Nils Rueckert: Past Rotary President fascinated by U.S. presidents and their libraries
By Peggy Kelly
Santa Paula News
Published: February 13, 2013
Nils Rueckert is a serious collector of memorabilia and experiences related to presidents of the United States - perhaps it takes one to know one.
Rueckert is past president of Santa Paula Rotary, and for more than a decade he has served as a docent at the Ronald Reagan Presidential Library.
“I’d like to tell you a little about my interest in the history of presidents and their libraries” that “range from Boston to Michigan, south to Arkansas and Texas and across the Midwest out to California.” Rueckert’s fascination with presidents started in his native Baltimore when at age 9 he was gifted with a book that detailed each U.S. president, including then President Franklin D. Roosevelt.
“It’s still etched in my memory, hearing the news the day he died in April 1945... I was helping my Dad with yard work when a neighbor stepped out on her back porch and yelled to us that she had just heard on the radio that the president had died.” The local newspaper with the news of Roosevelt’s passing was saved by Rueckert’s parents: “Thus began my collection of newspapers announcing the election, and passing, of each president in the almost 70 years since,” featured in a California Oil Museum exhibit five years ago.
In September Rueckert and other Reagan Library docents visited four Midwest presidential libraries: Hoover in Iowa, Lincoln in Illinois, Truman in Missouri and Eisenhower in Kansas. These are not libraries in the usual sense, said Rueckert, but rather archives and museums “that preserve the written record and history of a particular U.S. president. Before today’s libraries, many former presidential papers and records were disbursed anywhere and everywhere; they were lost, destroyed, sold for profit, or some ruined by poor storage conditions.
“Roosevelt sought a better alternative,” and while still in office raised private funds and built a library in 1941 to house his personal collections, which Rueckert said were then turned over to the federal government, “starting a tradition that continues today.” Documents generated by each administration and thousands of artifacts - such as Eisenhower’s jacket and even Truman’s car - are now turned over to the National Archives and Records Administration and then to each respective presidential library for storage, display and research.
At the Reagan Library are millions of pages of records, over 1.5 million still photos, hundreds of thousands of feet of motion picture film, tens of thousands of videotapes, audio recordings and 16,000 books. Copies of every major evening news broadcast for the eight years of the Reagan presidency are held at the library.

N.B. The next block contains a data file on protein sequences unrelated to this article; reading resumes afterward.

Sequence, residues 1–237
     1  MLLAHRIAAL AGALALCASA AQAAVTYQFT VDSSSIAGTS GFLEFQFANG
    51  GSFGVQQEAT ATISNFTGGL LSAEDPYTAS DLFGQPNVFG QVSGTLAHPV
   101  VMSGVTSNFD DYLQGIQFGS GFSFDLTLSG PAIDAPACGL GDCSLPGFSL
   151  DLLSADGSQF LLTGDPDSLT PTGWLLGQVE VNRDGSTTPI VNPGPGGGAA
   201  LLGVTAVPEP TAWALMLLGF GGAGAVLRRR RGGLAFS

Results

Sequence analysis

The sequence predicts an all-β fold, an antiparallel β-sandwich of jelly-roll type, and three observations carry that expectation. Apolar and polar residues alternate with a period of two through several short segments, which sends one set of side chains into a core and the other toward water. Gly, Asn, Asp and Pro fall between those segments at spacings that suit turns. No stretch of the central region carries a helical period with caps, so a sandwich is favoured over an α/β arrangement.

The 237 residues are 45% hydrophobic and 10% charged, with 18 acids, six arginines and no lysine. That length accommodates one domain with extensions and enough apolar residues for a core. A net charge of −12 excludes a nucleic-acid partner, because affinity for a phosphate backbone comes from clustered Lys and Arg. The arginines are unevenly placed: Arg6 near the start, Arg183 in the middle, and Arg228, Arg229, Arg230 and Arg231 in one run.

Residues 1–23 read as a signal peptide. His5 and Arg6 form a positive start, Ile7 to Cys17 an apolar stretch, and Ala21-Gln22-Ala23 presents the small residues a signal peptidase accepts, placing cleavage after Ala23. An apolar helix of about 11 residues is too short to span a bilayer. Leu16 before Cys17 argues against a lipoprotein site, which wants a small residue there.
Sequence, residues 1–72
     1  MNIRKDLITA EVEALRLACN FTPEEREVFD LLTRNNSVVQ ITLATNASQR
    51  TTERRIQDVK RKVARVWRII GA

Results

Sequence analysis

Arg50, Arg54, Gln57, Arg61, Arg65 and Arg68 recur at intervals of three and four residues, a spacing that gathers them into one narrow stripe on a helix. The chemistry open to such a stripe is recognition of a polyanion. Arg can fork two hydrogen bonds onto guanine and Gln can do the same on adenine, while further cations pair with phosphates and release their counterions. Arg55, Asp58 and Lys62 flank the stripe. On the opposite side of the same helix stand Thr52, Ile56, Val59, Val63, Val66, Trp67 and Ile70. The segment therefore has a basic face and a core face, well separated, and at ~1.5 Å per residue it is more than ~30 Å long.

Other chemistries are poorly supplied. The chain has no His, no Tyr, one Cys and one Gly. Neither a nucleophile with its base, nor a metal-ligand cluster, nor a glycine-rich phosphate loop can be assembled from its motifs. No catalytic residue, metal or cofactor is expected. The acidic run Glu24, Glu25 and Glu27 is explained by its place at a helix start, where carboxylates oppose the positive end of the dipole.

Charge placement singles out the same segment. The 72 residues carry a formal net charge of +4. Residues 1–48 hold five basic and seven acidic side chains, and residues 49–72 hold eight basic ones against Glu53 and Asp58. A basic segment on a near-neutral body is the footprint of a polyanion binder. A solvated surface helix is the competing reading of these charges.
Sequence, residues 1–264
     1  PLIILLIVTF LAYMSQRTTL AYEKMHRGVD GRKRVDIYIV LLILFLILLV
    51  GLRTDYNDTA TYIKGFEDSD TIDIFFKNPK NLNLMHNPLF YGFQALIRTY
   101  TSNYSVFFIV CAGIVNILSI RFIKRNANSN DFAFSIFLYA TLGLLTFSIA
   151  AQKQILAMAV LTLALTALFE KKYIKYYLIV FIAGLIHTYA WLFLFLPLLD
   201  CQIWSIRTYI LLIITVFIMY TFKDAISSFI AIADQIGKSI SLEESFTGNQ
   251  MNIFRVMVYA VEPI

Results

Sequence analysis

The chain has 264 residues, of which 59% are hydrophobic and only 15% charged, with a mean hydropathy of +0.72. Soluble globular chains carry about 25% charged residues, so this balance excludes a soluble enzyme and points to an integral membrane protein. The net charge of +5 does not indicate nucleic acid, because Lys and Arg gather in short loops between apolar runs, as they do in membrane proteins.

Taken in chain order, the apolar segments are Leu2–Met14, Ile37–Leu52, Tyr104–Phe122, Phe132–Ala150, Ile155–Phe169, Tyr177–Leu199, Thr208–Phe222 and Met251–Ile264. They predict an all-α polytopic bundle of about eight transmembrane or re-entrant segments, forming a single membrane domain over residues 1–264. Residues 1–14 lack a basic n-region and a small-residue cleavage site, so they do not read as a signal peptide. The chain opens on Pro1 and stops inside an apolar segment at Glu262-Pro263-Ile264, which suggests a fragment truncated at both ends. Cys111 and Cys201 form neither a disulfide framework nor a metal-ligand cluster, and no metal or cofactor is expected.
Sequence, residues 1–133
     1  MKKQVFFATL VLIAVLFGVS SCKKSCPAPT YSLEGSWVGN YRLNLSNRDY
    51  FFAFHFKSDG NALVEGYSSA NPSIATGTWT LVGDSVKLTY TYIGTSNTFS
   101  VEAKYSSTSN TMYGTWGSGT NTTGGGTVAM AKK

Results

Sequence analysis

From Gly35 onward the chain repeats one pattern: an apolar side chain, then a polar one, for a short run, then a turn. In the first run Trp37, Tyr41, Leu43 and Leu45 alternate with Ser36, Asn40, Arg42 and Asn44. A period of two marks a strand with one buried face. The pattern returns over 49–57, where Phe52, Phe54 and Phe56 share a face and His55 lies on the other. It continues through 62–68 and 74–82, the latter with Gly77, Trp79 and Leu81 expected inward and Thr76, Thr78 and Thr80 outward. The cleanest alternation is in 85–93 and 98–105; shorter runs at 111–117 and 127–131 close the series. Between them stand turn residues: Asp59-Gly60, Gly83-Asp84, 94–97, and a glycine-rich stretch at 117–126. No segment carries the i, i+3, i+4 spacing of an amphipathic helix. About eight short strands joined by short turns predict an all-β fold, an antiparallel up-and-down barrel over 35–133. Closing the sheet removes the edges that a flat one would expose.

Said Rueckert, “Add to that some 60,000 gifts from private citizens and heads of state alike,” ranging from Reagan busts to saddles and paintings. Gifts over a nominal value are “considered the property of the American people, not personal gifts to the president.”
There are several local connections at the Reagan Library: Rotary Past President Bill Nash, who as a local volunteer firefighter responded to a 1993 fire near the library, later presented a fire helmet to the president during a visit by emergency responders.
The library also has a red booth from Chasen’s in Hollywood where Reagan proposed to Nancy; the Mupu Grill also has Chasen’s booths, acquired when the famous eatery closed. Rueckert said, “The principal of Briggs School, Brandon Gallagher, is the grandson of Chasen’s former longtime maitre’d.”
Rotarian Ernie Carlson met President and Mrs. Carter when he visited the Carter Library several years ago.
“There are two that I could have almost said I knew personally, but they didn’t make it to the White House,” said Rueckert. “Back in 2004 my former shipmate John Kerry ran on the Democratic ticket. From 1967 to 1968 I was his department head on the Navy’s guided missile cruiser USS Gridley. We were home ported in Long Beach, where I met my future wife Beverly. In 1968 we deployed to the western Pacific off Vietnam and later to the South Pacific.
“Four years later,” in the 2008 Presidential Election, “my Naval Academy classmate John McCain ran for president on the Republican ticket,” said Rueckert, who displayed his and McCain’s photos and bios from their 1958 class yearbook. Another Naval Academy alumnus who did make it to the White House was Jimmy Carter, who graduated with the Class of 1947.